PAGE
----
Alimony can provide critical financial support. A divorce can have a more significant impact on a person’s finances than may be first considered. Starting a life on your own, carrying the full weight of monthly expenses can be difficult and expensive. Alimony helps with this. In fact, alimony’s purpose is to help parties to a divorce preserve the economic status that was enjoyed during the marriage. Arkansas has three types of alimony to help accomplish this in different ways. Temporary alimony is awarded before the final divorce decree is issued. Short-term alimony is established for a defined period of time and usually in order for one spouse to be able to pursue job training. Permanent alimony is awarded for an extended period of time.
With many spouses coming to rely on alimony payments to make life after divorce more manageable, it can be stressful to think that those payments may come to a sudden halt. As stated before, divorce can be difficult on a person’s finances. It is not uncommon for people to eventually seek bankruptcy at some point after divorce. How would bankruptcy impact your alimony award? Would You still get alimony if your former spouse files for bankruptcy? Here, we will discuss this situation.
Will I Still Get Alimony If My Ex Files for Bankruptcy?
First and foremost, if your spouse owes back alimony, know that it is considered to be non-dischargeable debt. Domestic support obligations such as spousal support and child support will not be discharged as a bankruptcy. Any alimony arrears that have accumulated due to non-payment will be a priority debt to be paid off in a way contingent on the type of bankruptcy filed. If Chapter 13 is filed, the alimony debt will be included in the structured payment plan developed for your former spouse.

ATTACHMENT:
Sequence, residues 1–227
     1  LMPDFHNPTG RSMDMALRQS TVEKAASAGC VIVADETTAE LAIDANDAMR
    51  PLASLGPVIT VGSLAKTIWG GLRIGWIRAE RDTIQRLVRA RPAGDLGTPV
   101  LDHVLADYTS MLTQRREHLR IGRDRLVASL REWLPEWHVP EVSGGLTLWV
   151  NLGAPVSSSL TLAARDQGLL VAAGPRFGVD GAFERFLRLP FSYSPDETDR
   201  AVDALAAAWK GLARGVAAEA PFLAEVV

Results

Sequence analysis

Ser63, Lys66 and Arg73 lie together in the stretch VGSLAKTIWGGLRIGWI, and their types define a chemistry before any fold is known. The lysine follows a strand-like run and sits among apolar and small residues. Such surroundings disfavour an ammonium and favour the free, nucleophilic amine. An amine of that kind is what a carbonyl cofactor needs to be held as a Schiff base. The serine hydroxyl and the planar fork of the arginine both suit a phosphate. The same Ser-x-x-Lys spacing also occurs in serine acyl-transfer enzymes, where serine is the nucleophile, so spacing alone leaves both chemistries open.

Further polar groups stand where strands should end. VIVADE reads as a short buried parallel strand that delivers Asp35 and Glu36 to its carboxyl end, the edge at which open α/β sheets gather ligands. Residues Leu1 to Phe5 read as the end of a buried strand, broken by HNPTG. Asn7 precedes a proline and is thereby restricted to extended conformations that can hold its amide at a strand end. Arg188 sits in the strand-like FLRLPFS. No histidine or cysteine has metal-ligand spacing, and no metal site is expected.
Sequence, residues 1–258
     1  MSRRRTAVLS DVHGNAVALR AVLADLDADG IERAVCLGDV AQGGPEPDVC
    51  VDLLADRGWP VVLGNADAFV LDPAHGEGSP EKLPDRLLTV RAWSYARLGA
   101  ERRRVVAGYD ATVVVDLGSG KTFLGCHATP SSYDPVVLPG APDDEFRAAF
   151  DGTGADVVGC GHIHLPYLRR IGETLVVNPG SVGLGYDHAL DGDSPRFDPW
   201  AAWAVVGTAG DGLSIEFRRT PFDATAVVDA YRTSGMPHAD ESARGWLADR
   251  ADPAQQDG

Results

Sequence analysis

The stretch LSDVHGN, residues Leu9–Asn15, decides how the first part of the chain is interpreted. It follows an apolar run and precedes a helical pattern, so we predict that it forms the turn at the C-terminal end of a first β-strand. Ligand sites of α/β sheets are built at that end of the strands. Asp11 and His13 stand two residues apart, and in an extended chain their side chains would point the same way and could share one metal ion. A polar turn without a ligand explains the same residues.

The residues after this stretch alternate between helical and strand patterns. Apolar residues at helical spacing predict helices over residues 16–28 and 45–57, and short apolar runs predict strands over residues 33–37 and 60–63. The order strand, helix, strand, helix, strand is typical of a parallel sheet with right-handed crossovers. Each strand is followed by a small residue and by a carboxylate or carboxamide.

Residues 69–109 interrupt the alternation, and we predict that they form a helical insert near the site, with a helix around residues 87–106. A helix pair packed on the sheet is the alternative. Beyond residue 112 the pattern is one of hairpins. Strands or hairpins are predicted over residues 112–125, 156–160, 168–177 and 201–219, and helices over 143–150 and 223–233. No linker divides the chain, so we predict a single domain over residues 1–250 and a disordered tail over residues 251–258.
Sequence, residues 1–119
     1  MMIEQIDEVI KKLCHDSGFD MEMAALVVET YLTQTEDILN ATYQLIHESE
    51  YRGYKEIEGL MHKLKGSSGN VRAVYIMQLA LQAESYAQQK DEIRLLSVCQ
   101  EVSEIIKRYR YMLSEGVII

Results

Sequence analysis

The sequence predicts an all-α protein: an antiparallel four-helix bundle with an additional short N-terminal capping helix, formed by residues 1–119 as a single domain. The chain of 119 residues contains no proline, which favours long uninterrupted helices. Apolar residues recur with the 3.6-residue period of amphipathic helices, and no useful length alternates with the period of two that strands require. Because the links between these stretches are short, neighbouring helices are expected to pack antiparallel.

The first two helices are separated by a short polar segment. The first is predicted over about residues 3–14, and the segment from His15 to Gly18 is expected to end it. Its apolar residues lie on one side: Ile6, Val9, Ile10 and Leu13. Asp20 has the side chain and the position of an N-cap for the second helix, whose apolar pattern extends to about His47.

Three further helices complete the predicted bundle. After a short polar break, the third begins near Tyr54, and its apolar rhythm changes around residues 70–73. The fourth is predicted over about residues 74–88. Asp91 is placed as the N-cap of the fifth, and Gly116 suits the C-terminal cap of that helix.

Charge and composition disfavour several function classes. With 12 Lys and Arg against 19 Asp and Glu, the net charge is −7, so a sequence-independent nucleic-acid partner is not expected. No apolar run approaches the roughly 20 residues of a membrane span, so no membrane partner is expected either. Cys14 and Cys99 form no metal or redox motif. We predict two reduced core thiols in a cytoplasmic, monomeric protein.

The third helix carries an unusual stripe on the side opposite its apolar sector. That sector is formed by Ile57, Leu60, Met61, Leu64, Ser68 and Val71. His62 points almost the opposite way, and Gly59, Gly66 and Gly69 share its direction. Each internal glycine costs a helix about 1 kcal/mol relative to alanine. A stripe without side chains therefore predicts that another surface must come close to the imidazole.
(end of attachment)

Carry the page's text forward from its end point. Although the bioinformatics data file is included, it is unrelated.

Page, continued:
Filing for bankruptcy will not, in and of itself, impact an alimony award. Your former spouse will continue to be obligated pursuant to the previously established court order to make good on alimony payment obligations. You should be aware, however, that your spouse may try to seek a modification of the alimony support obligation.
While bankruptcy in and of itself may not trigger or merit a modification of an alimony award, things that can contribute to or lead to bankruptcy may be substantial grounds for modification of an alimony award. In Arkansas, an alimony award can be modified by the court if there have been any changes in circumstances. For instance, if a job loss occurred, this may be grounds for modifying alimony, it also may very well have been a contributing factor in the need to pursue bankruptcy. The bankruptcy court does not, however, handle modification of alimony awards. The request to modify must be made to the appropriate court for review.
Family Law Attorney
Do you have questions about alimony and other important issues related to divorce? The Law Office of Bryce Cook is here to provide you with trusted legal guidance and support. Contact the Law Offices of Bryce Cook today.